Now that the 737 MAX has landed in Renton, state commerce officials and politicians are keeping their seatbelts fastened for the next leg. They’re sticking with a plan to grow the aerospace industry in Washington — with renewed confidence and humility, hoping to build on Boeing’s affirmation.
Public colleges and universities, meanwhile, have a mandate to train and educate many more skilled workers and engineers than before so the aerospace talent pool remains strong.
Some of these efforts are already paying off. Others are just getting under way.
On Sunday, The Herald will publish and post online a special report that explores the state’s bluer skies, titled “Maximizing Aerospace.”
One of the highlights will be lengthy Q&As with the two main gubernatorial candidates, Jay Inslee and Rob McKenna, about how they would manage aerospace as an economic engine. Here’s an excerpt from our Sunday front-page story:
“McKenna, who brought an iPad to the conversation and consulted it constantly, seemed to channel concerns that one might hear from a major Boeing shareholder. … Inslee, in contrast, expressed a viewpoint one might hear from a close friend of a Boeing worker.”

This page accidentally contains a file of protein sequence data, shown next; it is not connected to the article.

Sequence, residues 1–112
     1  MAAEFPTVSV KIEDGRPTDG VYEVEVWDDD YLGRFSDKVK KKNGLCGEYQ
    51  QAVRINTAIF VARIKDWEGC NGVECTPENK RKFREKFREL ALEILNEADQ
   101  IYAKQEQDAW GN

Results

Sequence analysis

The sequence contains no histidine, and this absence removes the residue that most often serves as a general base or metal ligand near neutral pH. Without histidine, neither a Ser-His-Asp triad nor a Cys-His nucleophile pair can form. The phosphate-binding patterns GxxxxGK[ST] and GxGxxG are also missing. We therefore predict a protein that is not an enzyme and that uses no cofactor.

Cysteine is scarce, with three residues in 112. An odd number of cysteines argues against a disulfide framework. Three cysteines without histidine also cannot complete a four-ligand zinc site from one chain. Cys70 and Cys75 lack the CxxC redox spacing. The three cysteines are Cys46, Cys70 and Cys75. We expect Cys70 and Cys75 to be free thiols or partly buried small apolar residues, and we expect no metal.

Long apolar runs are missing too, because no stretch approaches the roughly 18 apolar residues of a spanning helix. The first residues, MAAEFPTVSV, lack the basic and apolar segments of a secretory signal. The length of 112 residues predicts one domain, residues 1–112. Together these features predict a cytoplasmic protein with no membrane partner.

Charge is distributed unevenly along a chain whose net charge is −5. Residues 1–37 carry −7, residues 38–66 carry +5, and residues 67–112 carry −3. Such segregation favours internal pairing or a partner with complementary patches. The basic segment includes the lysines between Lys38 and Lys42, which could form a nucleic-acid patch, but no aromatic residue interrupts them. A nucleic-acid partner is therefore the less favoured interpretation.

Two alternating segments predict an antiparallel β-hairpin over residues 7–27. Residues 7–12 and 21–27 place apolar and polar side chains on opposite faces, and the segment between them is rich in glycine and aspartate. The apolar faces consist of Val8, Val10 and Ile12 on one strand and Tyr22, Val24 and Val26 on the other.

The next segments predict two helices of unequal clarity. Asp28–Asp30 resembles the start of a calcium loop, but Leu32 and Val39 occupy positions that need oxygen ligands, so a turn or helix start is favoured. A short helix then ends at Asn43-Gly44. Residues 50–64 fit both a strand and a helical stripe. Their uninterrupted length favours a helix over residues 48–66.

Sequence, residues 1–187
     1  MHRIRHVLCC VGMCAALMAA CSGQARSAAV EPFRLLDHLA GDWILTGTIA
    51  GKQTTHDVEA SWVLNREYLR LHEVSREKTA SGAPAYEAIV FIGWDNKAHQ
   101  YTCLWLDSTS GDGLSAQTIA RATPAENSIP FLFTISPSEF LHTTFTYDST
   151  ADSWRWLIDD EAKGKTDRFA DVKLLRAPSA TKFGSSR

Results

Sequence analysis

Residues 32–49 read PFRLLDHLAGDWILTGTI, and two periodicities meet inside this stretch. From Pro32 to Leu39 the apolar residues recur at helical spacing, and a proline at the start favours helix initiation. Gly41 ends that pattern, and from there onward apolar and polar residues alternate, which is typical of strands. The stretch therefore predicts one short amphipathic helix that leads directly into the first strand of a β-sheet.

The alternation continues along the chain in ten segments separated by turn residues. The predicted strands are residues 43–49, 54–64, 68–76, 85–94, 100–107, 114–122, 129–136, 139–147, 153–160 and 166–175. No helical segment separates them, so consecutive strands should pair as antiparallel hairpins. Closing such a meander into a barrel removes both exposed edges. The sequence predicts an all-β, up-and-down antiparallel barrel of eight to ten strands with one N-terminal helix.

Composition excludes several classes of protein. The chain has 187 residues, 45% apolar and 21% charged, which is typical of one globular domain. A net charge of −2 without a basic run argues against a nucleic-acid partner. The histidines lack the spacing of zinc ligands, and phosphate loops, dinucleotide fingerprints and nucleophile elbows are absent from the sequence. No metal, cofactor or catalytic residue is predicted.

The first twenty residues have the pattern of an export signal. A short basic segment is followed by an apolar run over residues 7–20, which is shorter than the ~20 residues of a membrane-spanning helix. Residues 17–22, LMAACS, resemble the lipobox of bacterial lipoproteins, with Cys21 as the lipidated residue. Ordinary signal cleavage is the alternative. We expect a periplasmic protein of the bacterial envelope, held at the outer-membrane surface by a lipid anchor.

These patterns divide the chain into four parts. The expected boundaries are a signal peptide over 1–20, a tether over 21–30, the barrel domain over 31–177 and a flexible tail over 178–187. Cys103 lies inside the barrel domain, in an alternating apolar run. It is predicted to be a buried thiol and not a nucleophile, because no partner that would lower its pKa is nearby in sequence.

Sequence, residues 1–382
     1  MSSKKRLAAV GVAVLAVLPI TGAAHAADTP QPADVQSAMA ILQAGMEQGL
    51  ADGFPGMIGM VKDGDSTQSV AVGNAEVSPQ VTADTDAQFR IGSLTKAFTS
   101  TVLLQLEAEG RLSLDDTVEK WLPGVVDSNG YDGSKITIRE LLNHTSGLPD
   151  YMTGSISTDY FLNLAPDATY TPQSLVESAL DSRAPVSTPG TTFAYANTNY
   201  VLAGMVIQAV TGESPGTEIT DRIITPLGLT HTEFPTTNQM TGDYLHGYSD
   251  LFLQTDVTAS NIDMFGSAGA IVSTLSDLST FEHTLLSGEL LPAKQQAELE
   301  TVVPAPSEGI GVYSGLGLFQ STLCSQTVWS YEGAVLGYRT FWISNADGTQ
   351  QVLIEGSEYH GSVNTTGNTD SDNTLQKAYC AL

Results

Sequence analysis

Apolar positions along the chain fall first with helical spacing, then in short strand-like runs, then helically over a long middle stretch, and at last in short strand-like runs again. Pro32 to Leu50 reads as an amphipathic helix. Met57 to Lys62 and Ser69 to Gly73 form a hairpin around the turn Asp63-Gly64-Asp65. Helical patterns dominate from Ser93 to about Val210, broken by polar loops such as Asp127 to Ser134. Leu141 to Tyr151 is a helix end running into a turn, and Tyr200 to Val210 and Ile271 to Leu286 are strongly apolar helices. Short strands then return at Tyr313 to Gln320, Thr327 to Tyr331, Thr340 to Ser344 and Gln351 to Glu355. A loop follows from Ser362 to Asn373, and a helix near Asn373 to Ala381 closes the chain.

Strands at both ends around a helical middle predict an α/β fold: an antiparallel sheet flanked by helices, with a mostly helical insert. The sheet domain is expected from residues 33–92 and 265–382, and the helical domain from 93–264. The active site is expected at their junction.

Other stories in the report:
• Even with 737 MAX, “we can’t take anything for granted”
• Calculating aerospace hiring’s payoff
• 737 MAX: Washington’s economic parachute
• Next challenges: landing 777X and 787-10 work
• Numbers crunch: State provides for more engineering students
• Today’s kindergartners, tomorrow’s aero engineers
• 11 schools, 1 goal: more trained aerospace workers
• New career path: from factory floor to drafting table
• A training-program success story at Paine Field
• Aerospace in Washington = Boeing + 650 suppliers
The writers are Michelle Dunlop, who has been the aerospace beat reporter for The Herald since 2006, and Jerry Cornfield, who has covered politics from Olympia for The Herald since 2004.
Look for their stories on Sunday, in print and here online.